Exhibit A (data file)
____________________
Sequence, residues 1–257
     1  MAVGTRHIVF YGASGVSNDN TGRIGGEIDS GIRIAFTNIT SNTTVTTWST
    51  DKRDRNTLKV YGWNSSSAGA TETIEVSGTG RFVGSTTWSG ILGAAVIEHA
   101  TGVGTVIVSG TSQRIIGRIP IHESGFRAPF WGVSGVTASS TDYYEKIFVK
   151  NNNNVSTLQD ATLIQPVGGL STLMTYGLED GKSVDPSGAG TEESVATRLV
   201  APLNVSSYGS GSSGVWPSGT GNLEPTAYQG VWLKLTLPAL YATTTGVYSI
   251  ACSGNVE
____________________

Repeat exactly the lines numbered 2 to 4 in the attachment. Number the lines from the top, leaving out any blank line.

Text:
     1  MAVGTRHIVF YGASGVSNDN TGRIGGEIDS GIRIAFTNIT SNTTVTTWST
    51  DKRDRNTLKV YGWNSSSAGA TETIEVSGTG RFVGSTTWSG ILGAAVIEHA
   101  TGVGTVIVSG TSQRIIGRIP IHESGFRAPF WGVSGVTASS TDYYEKIFVK